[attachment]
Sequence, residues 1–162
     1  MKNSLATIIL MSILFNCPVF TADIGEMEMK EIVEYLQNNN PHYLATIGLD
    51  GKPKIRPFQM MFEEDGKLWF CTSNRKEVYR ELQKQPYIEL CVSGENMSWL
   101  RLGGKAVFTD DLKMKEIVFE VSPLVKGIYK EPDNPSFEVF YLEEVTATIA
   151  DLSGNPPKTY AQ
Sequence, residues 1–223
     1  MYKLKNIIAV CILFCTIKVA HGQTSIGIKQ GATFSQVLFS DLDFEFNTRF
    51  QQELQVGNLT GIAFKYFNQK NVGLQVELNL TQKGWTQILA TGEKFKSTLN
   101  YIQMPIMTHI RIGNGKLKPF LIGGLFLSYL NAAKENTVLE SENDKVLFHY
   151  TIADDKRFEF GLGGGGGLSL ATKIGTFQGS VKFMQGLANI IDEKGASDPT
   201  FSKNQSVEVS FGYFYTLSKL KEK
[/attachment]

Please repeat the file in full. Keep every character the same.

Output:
Sequence, residues 1–162
     1  MKNSLATIIL MSILFNCPVF TADIGEMEMK EIVEYLQNNN PHYLATIGLD
    51  GKPKIRPFQM MFEEDGKLWF CTSNRKEVYR ELQKQPYIEL CVSGENMSWL
   101  RLGGKAVFTD DLKMKEIVFE VSPLVKGIYK EPDNPSFEVF YLEEVTATIA
   151  DLSGNPPKTY AQ
Sequence, residues 1–223
     1  MYKLKNIIAV CILFCTIKVA HGQTSIGIKQ GATFSQVLFS DLDFEFNTRF
    51  QQELQVGNLT GIAFKYFNQK NVGLQVELNL TQKGWTQILA TGEKFKSTLN
   101  YIQMPIMTHI RIGNGKLKPF LIGGLFLSYL NAAKENTVLE SENDKVLFHY
   151  TIADDKRFEF GLGGGGGLSL ATKIGTFQGS VKFMQGLANI IDEKGASDPT
   201  FSKNQSVEVS FGYFYTLSKL KEK